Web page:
http://valuationacademy.com What are the differences between the EV/EBIT, EV/EBITDA, and P/E multiples, and when would you use each one? — Valuation Academy

What are the differences between the EV/EBIT, EV/EBITDA, and P/E multiples, and when would you use each one?

The EV/EBITDA multiple, also known as Enterprise Value/, is used in companies to value its fair market value; through the measurements of the companies finance and investment. It is an economic measure reflecting the worth of a company in an industry.

EV to EBITDA multiple

EV is usually seen as a capital structure-neutral metric, so stock market investors use this multiple. They can compare equivalent companies in order to see the risk of investing in terms of debt. A high EV is seen to be more attractive in the future, whereas a lower EV isn’t. The EV/EBITDA multiple is often combined with, or can be used as an alternative to, the P/E ratio. Although EV/EBITDA is harder to measure that the P/E ratio, the fact that it is unaffected by a company’s capital structure makes it better multiple.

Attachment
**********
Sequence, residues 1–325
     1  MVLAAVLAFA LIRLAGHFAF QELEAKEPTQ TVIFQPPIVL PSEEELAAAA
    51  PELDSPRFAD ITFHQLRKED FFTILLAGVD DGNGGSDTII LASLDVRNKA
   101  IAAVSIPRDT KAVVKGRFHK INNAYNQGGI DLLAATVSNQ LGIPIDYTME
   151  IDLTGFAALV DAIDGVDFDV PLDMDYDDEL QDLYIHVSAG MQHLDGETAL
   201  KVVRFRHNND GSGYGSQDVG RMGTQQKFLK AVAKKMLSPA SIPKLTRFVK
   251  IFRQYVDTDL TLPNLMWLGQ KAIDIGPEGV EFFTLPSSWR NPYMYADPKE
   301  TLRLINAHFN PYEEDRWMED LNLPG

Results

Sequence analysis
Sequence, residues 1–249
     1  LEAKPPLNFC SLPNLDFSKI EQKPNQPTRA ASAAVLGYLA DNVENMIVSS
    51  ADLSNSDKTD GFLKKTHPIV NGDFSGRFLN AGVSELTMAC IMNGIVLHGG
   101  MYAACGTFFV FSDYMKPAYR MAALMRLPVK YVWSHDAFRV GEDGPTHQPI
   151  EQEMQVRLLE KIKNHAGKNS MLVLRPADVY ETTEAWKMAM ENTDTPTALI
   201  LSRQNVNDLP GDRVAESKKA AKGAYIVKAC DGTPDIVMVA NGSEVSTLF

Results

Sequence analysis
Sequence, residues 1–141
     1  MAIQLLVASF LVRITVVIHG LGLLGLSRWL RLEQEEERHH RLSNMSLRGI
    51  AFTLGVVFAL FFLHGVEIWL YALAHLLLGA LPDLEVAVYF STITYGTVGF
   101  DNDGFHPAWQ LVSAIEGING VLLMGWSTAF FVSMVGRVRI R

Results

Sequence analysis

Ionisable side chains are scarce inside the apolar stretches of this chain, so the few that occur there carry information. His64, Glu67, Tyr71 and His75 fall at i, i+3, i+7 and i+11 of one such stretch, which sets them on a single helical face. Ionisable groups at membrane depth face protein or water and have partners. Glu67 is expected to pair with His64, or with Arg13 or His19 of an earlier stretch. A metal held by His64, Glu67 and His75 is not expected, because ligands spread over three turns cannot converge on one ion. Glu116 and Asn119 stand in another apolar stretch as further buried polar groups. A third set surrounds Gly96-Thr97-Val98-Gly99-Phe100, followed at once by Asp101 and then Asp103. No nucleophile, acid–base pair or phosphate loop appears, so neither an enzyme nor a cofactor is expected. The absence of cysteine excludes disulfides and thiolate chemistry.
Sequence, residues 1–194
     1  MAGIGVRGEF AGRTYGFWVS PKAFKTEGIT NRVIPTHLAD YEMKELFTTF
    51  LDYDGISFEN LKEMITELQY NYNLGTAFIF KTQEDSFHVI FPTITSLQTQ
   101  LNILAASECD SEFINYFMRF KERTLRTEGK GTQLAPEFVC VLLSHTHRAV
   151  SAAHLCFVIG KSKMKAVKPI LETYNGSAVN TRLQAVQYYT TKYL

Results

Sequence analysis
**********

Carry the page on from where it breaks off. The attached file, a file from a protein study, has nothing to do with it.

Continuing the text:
Price to Equity Ratio

P/E is basically a valuation ratio of a company’s current share price, in comparison to its earnings per share. Therefore if the multiple were to be high this suggests to investors that there will be higher earnings growth in the future, compared to companies with a lower P/E.  This multiple is also used in the stock market industry, and is the oldest and frequently used metrics.

EV to EBITDA ratio

Enterprise value to earnings before interest and tax (EV/EBIT) is a measurement to whether a share in a company is cheap or expensive, relative to competing firms or the wider market. The EV/EBIT is a modified multiplier of the P/E ratio that addresses the weaknesses of the P/E ratio. So instead of using just the firm’s share price, it uses enterprise value; which includes debt. The EV is then compared to earnings, before, rather than after tax and interest.

All three are multiples that measure the value of a company’s stance in a market in regards to profit, however,  P/E is the quick way to establish a firm’s relative value and also how many years it will take the firm to make profits equivalent to its market. EV/EBIT is sometimes used instead of the P/E ratio to compare profit growth between firms in industries with a large amount of debt, such as the transportation industry. Finally the fact that EV/EBIT and EV/EBITDA share the advantage of valuing a company regardless of its capital structure make it attractive for various reasons.